17. Palladium-Based Catalysts as Electrodes for Direct Methanol Fuel Cells: A Last Ten Years Review

    Directory of Open Access Journals (Sweden)

    Juan Carlos Calderón Gómez

    2016-08-01

    Full Text Available Platinum-based materials are accepted as the suitable electrocatalysts for anodes and cathodes in direct methanol fuel cells (DMFCs. Nonetheless, the increased demand and scarce world reserves of Pt, as well as some technical problems associated with its use, have motivated a wide research focused to design Pd-based catalysts, considering the similar properties between this metal and Pt. In this review, we present the most recent advancements about Pd-based catalysts, considering Pd, Pd alloys with different transition metals and non-carbon supported nanoparticles, as possible electrodes in DMFCs. In the case of the anode, different reported works have highlighted the capacity of these new materials for overcoming the CO poisoning and promote the oxidation of other intermediates generated during the methanol oxidation. Regarding the cathode, the studies have showed more positive onset potentials, as fundamental parameter for determining the mechanism of the oxygen reduction reaction (ORR and thus, making them able for achieving high efficiencies, with less production of hydrogen peroxide as collateral product. This revision suggests that it is possible to replace the conventional Pt catalysts by Pd-based materials, although several efforts must be made in order to improve their performance in DMFCs.

  18. Cumulus Cell Expansion, Its Role in Oocyte Biology and Perspectives of Measurement: A Review

    Directory of Open Access Journals (Sweden)

    Nevoral J.

    2015-01-01

    Full Text Available Cumulus expansion of the cumulus-oocyte complex is necessary for meiotic maturation and acquiring developmental competence. Cumulus expansion is based on extracellular matrix synthesis by cumulus cells. Hyaluronic acid is the most abundant component of this extracellular matrix. Cumulus expansion takes place during meiotic oocyte maturation under in vivo and in vitro conditions. Quantification and measurement of cumulus expansion intensity is one possible method of determining oocyte quality and optimizing conditions for in vitro cultivation. Currently, subjective methods of expanded area and more exact cumulus expansion measurement by hyaluronic acid assessment are available. Among the methods of hyaluronic acid measurement is the use of radioactively labelled synthesis precursors. Alternatively, immunological and analytical methods, including enzyme-linked immunosorbent assay (ELISA, spectrophotometry, and high-performance liquid chromatography (HPLC in UV light, could be utilized. The high sensitivity of these methods could provide a precise analysis of cumulus expansion without the use of radioisotopes. Therefore, the aim of this review is to summarize and compare available approaches of cumulus expansion measurement, respecting special biological features of expanded cumuli, and to suggest possible solutions for exact cumulus expansion analysis.

  19. A review of the substrates used in microbial fuel cells (MFCs) for sustainable energy production.

    Science.gov (United States)

    Pant, Deepak; Van Bogaert, Gilbert; Diels, Ludo; Vanbroekhoven, Karolien

    2010-03-01

    Microbial fuel cells (MFCs) have gained a lot of attention in recent years as a mode of converting organic waste including low-strength wastewaters and lignocellulosic biomass into electricity. Microbial production of electricity may become an important form of bioenergy in future because MFCs offer the possibility of extracting electric current from a wide range of soluble or dissolved complex organic wastes and renewable biomass. A large number of substrates have been explored as feed. The major substrates that have been tried include various kinds of artificial and real wastewaters and lignocellulosic biomass. Though the current and power yields are relatively low at present, it is expected that with improvements in technology and knowledge about these unique systems, the amount of electric current (and electric power) which can be extracted from these systems will increase tremendously providing a sustainable way of directly converting lignocellulosic biomass or wastewaters to useful energy. This article reviews the various substrates that have been explored in MFCs so far, their resulting performance, limitations as well as future potential substrates. Copyright (c) 2009 Elsevier Ltd. All rights reserved.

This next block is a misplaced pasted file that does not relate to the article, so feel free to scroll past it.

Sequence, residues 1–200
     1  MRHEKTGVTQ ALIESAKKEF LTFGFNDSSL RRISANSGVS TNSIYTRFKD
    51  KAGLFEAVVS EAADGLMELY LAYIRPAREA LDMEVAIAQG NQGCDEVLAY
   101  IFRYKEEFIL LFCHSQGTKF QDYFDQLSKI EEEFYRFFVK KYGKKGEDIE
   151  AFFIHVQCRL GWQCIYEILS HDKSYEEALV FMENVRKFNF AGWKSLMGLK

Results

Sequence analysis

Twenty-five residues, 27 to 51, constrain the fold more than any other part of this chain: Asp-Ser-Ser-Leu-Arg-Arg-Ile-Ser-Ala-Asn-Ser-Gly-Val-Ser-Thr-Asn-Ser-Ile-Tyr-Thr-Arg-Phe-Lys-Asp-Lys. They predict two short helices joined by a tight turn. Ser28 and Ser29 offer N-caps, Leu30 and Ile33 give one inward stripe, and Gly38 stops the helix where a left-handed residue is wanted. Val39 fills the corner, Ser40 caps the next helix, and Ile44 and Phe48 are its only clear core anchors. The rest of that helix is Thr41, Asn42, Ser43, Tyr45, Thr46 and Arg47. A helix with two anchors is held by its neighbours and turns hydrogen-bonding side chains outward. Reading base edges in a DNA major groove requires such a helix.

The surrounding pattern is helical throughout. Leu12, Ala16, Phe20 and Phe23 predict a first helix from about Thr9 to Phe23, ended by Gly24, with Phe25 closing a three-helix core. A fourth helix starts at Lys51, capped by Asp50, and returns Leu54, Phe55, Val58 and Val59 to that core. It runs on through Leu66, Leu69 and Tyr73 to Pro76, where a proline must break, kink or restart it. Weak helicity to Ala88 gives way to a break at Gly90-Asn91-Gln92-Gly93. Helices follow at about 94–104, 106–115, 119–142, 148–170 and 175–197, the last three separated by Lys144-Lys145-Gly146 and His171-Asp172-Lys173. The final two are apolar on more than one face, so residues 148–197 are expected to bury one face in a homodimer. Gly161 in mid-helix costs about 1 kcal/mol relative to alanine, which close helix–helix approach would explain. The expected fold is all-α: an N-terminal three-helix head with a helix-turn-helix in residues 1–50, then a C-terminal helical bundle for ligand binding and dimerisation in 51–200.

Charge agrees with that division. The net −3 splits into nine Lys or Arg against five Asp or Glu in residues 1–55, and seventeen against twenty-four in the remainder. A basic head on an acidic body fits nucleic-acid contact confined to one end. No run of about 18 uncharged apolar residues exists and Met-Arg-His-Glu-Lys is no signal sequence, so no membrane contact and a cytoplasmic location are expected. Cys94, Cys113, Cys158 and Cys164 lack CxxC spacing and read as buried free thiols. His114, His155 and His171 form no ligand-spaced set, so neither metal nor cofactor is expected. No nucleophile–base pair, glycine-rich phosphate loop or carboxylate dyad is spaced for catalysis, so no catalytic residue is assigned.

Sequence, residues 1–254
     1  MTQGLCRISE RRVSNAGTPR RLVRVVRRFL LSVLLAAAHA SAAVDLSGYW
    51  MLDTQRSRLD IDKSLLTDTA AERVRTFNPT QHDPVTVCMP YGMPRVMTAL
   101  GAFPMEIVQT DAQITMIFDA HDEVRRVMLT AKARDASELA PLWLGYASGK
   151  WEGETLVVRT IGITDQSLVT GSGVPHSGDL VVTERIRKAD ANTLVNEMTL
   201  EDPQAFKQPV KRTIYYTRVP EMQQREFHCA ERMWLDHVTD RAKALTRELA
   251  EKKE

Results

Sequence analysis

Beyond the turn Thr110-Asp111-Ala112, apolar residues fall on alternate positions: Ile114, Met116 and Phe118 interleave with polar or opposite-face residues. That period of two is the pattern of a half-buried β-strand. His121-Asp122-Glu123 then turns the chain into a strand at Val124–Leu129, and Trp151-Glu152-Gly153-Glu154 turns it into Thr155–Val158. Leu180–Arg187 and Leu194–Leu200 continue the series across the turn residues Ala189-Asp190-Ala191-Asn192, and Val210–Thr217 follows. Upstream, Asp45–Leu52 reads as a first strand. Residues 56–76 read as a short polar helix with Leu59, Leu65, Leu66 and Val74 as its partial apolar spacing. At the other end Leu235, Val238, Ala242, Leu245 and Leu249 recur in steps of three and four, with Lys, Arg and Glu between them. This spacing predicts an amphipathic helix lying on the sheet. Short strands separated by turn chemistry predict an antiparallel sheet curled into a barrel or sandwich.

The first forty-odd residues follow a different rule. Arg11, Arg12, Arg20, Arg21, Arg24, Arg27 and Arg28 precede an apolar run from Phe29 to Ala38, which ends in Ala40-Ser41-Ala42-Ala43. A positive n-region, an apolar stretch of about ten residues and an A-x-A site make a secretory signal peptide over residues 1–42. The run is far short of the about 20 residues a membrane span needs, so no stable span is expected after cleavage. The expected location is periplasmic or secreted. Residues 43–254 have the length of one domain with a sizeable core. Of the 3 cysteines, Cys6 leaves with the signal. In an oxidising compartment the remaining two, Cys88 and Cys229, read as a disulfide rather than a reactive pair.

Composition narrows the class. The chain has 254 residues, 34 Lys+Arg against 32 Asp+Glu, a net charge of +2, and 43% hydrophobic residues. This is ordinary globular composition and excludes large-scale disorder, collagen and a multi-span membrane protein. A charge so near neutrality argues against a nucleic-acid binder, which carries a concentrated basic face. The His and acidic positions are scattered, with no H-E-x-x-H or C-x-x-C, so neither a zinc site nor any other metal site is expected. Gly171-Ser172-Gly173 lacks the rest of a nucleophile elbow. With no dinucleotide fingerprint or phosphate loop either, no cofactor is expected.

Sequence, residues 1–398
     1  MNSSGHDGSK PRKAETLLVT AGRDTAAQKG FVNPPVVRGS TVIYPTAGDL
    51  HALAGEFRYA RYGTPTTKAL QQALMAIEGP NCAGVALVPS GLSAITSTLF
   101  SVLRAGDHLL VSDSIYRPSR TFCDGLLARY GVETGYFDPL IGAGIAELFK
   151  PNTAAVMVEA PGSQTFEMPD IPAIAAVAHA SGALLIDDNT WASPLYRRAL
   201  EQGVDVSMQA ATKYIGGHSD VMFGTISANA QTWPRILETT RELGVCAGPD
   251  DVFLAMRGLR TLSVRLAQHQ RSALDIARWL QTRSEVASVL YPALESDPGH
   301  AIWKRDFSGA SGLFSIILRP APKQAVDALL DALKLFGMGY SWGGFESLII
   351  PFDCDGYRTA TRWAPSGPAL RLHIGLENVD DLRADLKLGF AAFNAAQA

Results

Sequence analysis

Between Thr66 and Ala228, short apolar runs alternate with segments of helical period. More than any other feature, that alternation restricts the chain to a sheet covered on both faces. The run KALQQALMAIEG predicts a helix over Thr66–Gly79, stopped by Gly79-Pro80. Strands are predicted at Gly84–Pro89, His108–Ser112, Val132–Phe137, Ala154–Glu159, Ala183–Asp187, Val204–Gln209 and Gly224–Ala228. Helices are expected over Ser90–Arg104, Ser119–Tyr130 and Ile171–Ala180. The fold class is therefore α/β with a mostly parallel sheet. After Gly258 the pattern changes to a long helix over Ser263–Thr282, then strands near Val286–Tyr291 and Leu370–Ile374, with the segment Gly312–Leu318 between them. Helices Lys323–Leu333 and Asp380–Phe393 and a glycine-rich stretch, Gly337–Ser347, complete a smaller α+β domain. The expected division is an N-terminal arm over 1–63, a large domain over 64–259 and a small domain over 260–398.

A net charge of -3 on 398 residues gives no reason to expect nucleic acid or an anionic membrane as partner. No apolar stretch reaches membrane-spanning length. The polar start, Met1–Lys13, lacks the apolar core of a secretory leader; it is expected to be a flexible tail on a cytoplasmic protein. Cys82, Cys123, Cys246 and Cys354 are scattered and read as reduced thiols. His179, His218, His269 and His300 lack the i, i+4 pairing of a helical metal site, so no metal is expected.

20. Review on Haploidentical Hematopoietic Cell Transplantation in Patients with Hematologic Malignancies

    Directory of Open Access Journals (Sweden)

    William A. Fabricius

    2016-01-01

    Full Text Available Allogenic hematopoietic cell transplantation (HSCT is typically the preferred curative therapy for adult patients with acute myeloid leukemia, but its use has been reduced as a consequence of limited donor availability in the form of either matched-related donors (MRD or matched-unrelated donors (MUD. Alternative options such as unrelated umbilical cord blood (UCB transplantation and haploidentical HSCT have been increasingly studied in the past few decades to overcome these obstacles. A human leukocyte antigen- (HLA- haploidentical donor is a recipient’s relative who shares an exact haplotype with the recipient but is mismatched for HLA genes on the unshared haplotype. These dissimilarities pose several challenges to the outcomes of the patient receiving such a type of HSCT, including higher rates of bidirectional alloreactivity and graft failure. In the past 5 years, however, several nonrandomized studies have shown promising results in terms of graft success and decreased rates of alloreactivity, in part due to newer grafting techniques and graft-versus-host disease (GVHD prophylaxis. We present here a summary and review of the latest results of these studies as well as a brief discussion on the advantages and challenges of haploidentical HSCT.